3D Medical Animation and Medical Illustrations
for Trial Attorneys by Cal Shipley, M.D.
ADULT RESPIRATORY DISTRESS SYNDROME (PULMONARY EDEMA)
ADULT RESPIRATORY DISTRESS SYNDROME (ARDS)
Adult Respiratory Distress Syndrome (also known as Acute Respiratory Distress Syndrome or ARDS) is a form of rapid onset lung injury often seen in previously healthy patients. ARDS is characterized by rapid breathing and a profound sensation of shortness of breath. The clinical definition consists of severely low bloodstream oxygen levels unresponsive to supplemental oxygen and widespread lung infiltrates (fluid and protein) not caused by heart failure or fluid overload.
100,000 cases occur in the USA each year. 40,000 deaths occur as a result of ARDS annually in the USA
ARDS is fatal in 40% of all cases. Chances for survival are highest when ARDS occurs as a single entity in otherwise healthy individuals, and lowest when ARDS occurs in conjunction with multi-organ failure. The simultaneous presence of pneumonia is also associated with a much greater risk of fatality.
ARDS can occur from a wide variety of lung based and systemic injury, but 80% of cases result from systemic bodily infections (sepsis), localized lung infection (pneumonia), severe trauma or inhalation into the lungs of stomach contents (aspiration). The likelihood of development of ARDS is highest in individuals with systemic bodily infection (sepsis) or those in shock as a result of sepsis, and is increased in the presence of multiple risk factors (see table below) and/or multiple organ failure. The generic term ARDS belies the non-uniformity of possible causes and diversity of precipitating events. (see table 1)
TABLE 1 - CAUSES OF ADULT RESPIRATORY DISTRESS SYNDROME (ARDS)
Mechanism of onset
Despite the variety of specific conditions that can give rise to ARDS, the common intiating event is release of enzymes and other chemicals from injured tissues that cause excessive leakage of fluid from tiny blood vessels (capillaries) in the lung, as well as damage to the microscopic air sacs (alveoli) that directly interface with the capillaries. The excessive fluid leakage may lead to abnormal amounts of fluid in the lungs (pulmonary edema), while the alveolar damage may lead to irreversible scarring of lung tissue (fibrosis). The full extent of injury depends on the severity and persistence of the initial process (ie- systemic infection). Experimental and clinical evidence shows that some cases of ARDS resolve rapidly while others progress relentlessly through several stages to severe scarring (fibrosis) and ultimately death from respiratory failure.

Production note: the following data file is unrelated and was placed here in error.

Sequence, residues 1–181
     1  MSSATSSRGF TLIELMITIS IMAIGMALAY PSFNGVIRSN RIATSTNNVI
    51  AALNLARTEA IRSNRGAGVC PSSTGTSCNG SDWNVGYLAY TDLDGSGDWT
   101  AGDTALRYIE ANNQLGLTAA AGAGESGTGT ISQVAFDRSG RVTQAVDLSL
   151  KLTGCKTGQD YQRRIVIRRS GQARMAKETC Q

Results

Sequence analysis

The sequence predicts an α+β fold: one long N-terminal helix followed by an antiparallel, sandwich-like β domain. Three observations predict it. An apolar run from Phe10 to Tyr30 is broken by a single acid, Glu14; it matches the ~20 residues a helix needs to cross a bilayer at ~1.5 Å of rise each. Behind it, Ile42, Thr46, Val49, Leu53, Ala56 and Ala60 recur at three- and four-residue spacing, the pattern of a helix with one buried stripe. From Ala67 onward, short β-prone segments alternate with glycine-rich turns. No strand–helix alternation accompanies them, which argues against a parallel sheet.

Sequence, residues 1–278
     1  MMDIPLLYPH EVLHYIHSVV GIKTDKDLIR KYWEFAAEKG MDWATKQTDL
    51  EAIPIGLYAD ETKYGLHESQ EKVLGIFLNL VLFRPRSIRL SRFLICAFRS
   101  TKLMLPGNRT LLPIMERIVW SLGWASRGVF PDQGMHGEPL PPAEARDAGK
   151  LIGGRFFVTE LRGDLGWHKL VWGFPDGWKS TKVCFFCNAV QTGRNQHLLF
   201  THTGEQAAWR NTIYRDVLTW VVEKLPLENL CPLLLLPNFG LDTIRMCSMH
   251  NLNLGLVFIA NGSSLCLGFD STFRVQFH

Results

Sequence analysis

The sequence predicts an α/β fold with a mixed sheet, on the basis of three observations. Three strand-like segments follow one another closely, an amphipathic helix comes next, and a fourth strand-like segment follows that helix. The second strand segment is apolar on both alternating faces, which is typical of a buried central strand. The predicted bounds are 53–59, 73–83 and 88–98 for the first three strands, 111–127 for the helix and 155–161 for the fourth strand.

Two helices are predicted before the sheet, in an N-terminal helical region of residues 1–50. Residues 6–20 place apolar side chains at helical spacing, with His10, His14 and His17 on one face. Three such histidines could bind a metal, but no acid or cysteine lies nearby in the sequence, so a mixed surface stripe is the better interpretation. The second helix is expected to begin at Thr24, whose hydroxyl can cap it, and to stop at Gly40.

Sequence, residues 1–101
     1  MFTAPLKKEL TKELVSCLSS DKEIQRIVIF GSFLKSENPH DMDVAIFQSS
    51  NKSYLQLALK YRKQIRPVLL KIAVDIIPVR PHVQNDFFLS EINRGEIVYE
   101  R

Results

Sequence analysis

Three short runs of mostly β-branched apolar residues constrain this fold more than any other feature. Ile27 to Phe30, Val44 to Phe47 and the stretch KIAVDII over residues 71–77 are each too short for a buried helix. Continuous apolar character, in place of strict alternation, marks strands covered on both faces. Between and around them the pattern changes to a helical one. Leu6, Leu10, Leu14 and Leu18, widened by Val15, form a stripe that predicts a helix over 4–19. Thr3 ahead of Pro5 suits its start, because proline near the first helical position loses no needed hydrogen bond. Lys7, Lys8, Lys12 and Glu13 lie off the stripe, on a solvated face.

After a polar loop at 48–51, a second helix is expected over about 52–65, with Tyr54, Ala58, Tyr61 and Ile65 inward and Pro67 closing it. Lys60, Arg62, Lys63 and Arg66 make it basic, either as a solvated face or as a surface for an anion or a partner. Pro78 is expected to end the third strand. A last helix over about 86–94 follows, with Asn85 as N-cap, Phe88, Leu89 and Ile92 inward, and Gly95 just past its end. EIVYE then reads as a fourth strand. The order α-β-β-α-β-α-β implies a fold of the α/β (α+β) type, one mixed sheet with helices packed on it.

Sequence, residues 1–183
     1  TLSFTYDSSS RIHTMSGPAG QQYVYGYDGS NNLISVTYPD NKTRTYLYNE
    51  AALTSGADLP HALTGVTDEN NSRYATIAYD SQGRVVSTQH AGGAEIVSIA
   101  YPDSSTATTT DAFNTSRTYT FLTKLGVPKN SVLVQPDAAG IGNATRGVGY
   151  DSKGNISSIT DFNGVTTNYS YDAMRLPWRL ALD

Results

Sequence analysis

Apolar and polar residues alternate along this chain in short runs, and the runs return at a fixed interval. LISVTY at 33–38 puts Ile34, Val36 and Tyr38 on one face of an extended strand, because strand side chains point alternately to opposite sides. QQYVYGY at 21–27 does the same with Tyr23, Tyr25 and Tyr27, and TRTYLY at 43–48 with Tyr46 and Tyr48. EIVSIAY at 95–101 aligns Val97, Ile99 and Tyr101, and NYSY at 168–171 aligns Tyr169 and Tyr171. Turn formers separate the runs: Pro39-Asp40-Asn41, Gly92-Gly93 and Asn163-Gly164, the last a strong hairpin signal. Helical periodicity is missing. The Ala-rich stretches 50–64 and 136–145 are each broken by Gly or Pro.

Treatment of the underlying causes of ARDS (ie- sepsis, pneumonia) is the only approach shown to be effective in leading to good outcomes for individuals so afflicted. Effective treatments for capillary leakage and alveolar tissue damage have thus far been elusive. Use of corticosteroids (ie-prednisone), non-steroidal anti inflammatories, prostoglandins and nitric oxide have all proven unsuccessful, as have trials with agents designed to antagonize or block receptors for the injurious infection and trauma related chemicals and enzymes which lead to ARDS. Preliminary trials with "free-radical scavengers" in infection-related ARDS have been encouraging, but practical treatments with these compounds are not yet a reality.
all images and sounds copyright 2011 Trial Image Inc./ Cal Shipley, M.D.